What is his name?
My dad’s name is Alphonso Martin, and as a child, I have many vivid memories of us cheering him on at races throughout NYC, Long Island, Upstate, New York, FDR park. He also would take us along to his training and workout sessions. My dad ran for City College and was a part of North Shore Track Club, founded and coached by Art Hall. My dad ran with them for about seven years.
So when you say he ran long distances, was it a half marathon, etc,. or were there other distance events?
He ran 5Ks, 10Ks, half marathons and marathons.
Oh, that must have been so beautiful to witness your dad not just train but also compete.
It was a normal part of my childhood, so I didn't really see it to be anything else. My dad was running and it was pretty cool to watch him race and cheer him on. I also enjoyed watching him train. Sometimes I would “train with him” by him racing around the newly renovated Soundview track with my bike and training wheels, follow him up as he ran up and down the stairs in our 12-story apartment building on Morrison Avenue, or do wall sits, and planks while he strength trained.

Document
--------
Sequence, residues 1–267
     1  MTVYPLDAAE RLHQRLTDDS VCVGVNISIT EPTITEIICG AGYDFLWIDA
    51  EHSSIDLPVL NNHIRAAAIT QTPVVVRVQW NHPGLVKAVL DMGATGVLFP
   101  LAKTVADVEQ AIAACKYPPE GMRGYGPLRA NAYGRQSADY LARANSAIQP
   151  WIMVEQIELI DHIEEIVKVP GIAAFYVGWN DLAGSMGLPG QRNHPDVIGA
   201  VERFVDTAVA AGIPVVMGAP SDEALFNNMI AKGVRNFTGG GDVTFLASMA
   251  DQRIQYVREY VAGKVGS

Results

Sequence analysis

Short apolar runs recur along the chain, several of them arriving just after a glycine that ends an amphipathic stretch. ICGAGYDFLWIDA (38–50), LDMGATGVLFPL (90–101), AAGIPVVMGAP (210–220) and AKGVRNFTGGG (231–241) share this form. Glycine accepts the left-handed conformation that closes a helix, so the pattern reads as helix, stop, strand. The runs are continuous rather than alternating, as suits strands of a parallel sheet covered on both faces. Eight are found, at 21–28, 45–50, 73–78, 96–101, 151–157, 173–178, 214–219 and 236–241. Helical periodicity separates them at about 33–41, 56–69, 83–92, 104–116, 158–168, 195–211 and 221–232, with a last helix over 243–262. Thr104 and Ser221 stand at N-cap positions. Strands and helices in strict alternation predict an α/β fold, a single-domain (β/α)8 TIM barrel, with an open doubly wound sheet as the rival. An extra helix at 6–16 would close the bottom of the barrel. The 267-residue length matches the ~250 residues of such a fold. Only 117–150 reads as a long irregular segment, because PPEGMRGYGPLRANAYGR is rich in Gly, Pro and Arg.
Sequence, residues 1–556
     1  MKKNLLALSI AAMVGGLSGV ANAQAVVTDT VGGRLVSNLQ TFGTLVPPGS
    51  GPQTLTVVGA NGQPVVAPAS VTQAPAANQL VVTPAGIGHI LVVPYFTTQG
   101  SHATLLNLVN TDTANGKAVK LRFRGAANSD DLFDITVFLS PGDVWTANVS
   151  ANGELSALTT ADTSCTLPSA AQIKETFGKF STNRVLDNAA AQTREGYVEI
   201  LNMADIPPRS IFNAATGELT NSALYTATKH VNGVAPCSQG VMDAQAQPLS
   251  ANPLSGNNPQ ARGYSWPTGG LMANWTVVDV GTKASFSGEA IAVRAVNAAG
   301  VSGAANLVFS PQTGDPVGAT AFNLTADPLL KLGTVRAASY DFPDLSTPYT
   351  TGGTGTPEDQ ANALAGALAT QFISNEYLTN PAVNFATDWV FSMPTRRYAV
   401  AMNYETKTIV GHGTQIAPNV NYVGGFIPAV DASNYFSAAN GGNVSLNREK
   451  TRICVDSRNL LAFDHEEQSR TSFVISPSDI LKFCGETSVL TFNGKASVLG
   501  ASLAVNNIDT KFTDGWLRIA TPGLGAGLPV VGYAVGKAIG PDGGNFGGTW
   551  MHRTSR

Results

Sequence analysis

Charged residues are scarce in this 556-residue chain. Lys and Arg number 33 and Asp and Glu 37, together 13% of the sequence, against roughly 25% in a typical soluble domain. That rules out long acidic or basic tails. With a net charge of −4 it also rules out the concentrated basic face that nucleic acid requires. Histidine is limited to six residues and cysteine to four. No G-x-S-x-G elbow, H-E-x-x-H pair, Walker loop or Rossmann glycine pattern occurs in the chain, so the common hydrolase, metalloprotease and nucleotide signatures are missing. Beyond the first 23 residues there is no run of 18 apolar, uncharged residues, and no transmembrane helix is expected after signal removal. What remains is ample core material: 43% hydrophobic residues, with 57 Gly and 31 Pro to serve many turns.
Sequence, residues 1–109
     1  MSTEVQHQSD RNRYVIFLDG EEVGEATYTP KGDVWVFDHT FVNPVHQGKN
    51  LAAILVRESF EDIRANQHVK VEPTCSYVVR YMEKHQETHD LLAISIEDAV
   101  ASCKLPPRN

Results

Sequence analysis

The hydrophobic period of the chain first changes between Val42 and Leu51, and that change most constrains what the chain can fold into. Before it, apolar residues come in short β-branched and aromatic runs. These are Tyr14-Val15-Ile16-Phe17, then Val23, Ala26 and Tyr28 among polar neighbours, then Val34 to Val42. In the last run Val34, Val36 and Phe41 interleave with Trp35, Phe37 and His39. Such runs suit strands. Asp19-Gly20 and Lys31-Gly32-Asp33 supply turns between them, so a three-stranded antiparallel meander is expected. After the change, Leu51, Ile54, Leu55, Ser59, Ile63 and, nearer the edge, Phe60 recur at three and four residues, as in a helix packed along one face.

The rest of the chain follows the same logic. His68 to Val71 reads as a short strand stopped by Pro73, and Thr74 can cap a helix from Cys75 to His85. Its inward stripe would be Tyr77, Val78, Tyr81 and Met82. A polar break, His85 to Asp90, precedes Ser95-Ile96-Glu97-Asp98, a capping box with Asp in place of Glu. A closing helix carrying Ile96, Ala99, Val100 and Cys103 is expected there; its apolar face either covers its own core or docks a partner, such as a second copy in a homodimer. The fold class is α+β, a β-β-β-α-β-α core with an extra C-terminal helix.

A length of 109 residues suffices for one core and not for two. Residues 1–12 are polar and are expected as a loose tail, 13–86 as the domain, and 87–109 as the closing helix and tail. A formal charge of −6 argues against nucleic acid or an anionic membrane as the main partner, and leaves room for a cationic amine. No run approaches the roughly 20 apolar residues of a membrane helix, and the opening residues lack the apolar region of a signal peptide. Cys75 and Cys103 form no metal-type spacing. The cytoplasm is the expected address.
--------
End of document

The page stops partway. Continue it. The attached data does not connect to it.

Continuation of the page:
My dad had this trophy wall where I would be amazed at how many trophies and metals he had. I remember spending time
painstakingly looking at all of the details of all the trophies that he had.
I'm curious, did he run before you were born? Is it something he did in high school, college, etc.
He ran when he was at Monroe High School and at City College. He also ran with the North Shore Track Club which was founded by Art Hall in Staten Island.